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SPFL are on the hunt for a VAR sponsor and issue a plan to divide the estimated £1.4m annual cost

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54479083 0 Image A 1 1645485142304.jpg
54479083 0 Image A 1 1645485142304.jpg

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EXCLUSIVE: SPFL are on the hunt for a VAR sponsor and issue a plan to divide the estimated £1.4m annual cost of the technology by each club’s final league standing for the season

  • The SPFL have promised to pursue a sponsor for VAR to lower the annual price
  • With no sponsor currently in place, the anticipated costs are said to be £1.4m
  • Clubs have been told the price they pay will depend on their final league placing
  • The league winners would meet 16.29 per cent of the cost, equating to £195,751
  • While the runners-up would pay 11.67 per cent, totalling a payment of £140,234 
  • From four to 12, every club would be charged less than splitting costs equally 

The SPFL have promised to pursue a sponsor for VAR in a bid to lower the annual cost for cash-strapped clubs.

All 42 senior teams from the SPFL will vote on the introduction of video assistant referees next Tuesday.

In order to proceed, nine clubs from the Premiership need to be in favour, with eight clubs from the Championship and 15 clubs from League One and League Two granting their assent.

The SPFL have promised to pursue a sponsor for VAR in a bid to lower the annual cost for clubs

 The SPFL have promised to pursue a sponsor for VAR in a bid to lower the annual cost for clubs

On Monday night, however, league chiefs were increasingly confident of a ‘yes’ vote to implement the system in the top flight after December’s World Cup finals in Qatar — and for the semi-finals and final of next season’s Premier Sports Cup.

With no sponsor currently in place, Premiership clubs have been told that the price they pay each year will depend on their final league placing.

Anticipated costs are estimated to be £1.4million, so charging all 12 clubs equally would mean an annual bill of £117,800 each.

With some clubs reluctant to pay that much, however, a briefing paper sent to them proposes charging clubs a percentage of their annual prize money relative to their league placing.

The winners of the SPFL would meet 16.29 per cent of the cost, equating to £195,751.

Scottish Premiership clubs are keen to follow the English Premier League by helping officials

Scottish Premiership clubs are keen to follow the English Premier League by helping officials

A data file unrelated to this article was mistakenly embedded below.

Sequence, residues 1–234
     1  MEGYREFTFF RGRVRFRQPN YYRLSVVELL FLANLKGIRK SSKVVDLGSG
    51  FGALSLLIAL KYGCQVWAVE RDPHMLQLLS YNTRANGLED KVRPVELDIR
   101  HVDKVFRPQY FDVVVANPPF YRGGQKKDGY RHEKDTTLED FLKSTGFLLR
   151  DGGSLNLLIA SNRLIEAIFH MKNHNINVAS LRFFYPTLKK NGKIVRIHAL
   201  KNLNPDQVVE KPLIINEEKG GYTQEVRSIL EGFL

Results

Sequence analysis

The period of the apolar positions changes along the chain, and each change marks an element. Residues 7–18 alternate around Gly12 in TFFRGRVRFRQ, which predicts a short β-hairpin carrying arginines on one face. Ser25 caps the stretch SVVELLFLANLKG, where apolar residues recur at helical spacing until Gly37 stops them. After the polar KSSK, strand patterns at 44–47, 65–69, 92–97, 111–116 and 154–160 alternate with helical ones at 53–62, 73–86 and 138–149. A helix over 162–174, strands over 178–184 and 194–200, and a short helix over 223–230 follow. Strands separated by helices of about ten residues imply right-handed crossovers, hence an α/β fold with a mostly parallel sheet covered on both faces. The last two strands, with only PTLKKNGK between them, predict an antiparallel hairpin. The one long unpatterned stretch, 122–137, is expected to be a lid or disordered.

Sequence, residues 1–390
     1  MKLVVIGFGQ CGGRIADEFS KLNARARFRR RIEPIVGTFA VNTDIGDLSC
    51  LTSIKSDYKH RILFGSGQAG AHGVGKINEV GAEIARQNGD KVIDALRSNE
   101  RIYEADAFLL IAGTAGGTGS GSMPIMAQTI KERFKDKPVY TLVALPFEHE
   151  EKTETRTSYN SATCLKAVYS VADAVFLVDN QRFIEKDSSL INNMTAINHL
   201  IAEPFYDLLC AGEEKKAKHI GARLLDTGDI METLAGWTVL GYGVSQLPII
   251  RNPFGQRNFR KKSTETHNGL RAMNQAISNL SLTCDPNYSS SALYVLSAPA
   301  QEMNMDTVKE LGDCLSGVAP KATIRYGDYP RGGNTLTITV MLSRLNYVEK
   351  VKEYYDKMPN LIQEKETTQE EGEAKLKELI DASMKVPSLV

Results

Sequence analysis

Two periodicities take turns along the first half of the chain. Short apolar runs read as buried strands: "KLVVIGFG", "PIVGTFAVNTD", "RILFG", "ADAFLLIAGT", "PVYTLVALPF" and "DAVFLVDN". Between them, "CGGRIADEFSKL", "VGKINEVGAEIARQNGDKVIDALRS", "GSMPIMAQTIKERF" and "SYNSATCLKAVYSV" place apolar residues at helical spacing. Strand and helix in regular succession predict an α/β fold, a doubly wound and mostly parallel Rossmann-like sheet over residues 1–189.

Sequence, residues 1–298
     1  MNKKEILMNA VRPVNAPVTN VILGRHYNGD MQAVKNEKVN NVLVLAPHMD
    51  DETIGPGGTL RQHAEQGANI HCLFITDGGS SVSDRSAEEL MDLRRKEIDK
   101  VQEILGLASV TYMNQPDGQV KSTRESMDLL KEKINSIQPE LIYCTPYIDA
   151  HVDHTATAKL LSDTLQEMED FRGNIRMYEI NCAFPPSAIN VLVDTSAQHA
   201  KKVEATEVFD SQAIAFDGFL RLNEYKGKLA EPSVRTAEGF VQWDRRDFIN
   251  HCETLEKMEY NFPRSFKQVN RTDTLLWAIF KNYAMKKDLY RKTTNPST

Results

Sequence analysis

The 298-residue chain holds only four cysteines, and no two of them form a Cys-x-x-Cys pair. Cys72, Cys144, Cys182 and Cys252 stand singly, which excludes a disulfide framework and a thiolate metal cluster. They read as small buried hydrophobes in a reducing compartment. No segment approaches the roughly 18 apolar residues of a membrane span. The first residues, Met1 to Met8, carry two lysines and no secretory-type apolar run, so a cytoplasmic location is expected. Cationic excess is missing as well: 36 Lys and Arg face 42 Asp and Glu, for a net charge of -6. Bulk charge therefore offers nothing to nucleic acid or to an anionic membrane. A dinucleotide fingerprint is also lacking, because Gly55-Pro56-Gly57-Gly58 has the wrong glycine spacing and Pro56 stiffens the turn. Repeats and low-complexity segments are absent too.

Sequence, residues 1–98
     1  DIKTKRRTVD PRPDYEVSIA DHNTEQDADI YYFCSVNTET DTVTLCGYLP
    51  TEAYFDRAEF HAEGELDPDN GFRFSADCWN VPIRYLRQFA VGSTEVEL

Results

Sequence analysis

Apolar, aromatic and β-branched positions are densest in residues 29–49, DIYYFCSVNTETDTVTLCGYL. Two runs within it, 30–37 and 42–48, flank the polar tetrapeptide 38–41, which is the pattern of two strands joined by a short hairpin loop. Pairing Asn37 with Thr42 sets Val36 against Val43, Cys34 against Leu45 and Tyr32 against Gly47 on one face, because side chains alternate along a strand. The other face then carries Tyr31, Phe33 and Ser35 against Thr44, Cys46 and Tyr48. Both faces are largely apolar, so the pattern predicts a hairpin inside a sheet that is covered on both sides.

However, the expected cost of implementing VAR is said to be around £1.4million a season

However, the expected cost of implementing VAR is said to be around £1.4million a season

The runners-up would pay 11.67 per cent, totalling a payment of £140,234.

From position four to 12, every club would be charged less than the bill for splitting the costs equally.

The clubs which finish 11th and 12th in the Premiership would both meet 5.63 per cent of the bill, coming to £67,594 each.

Clubs would be invoiced their share of the costs by mid-August, with a balancing payment or rebate sent out at the end of the season.

One-off set-up costs for the project come to almost £400,000 — with much of the cash going towards the establishment of a VAR suite and fibre optic cabling needed to install six camera positions in each ground.

The price each club pay will be based off their final league standing for the season

The price each club pay will be based off their final league standing for the season

For example, the winners would pay 16.29 per cent of the cost, equating to £195,751

For example, the winners would pay 16.29 per cent of the cost, equating to £195,751

In the information sent to clubs, however, the SPFL promised to engage with the SFA over potential sponsorship opportunities to bring down the final price tag for each club.

While initial teething troubles and controversial decisions could make video technology a tough sell, the league have assured chairmen that they plan to explore commercial opportunities.

The SFA are still considering their position with regard to introducing VAR for the Scottish Cup.



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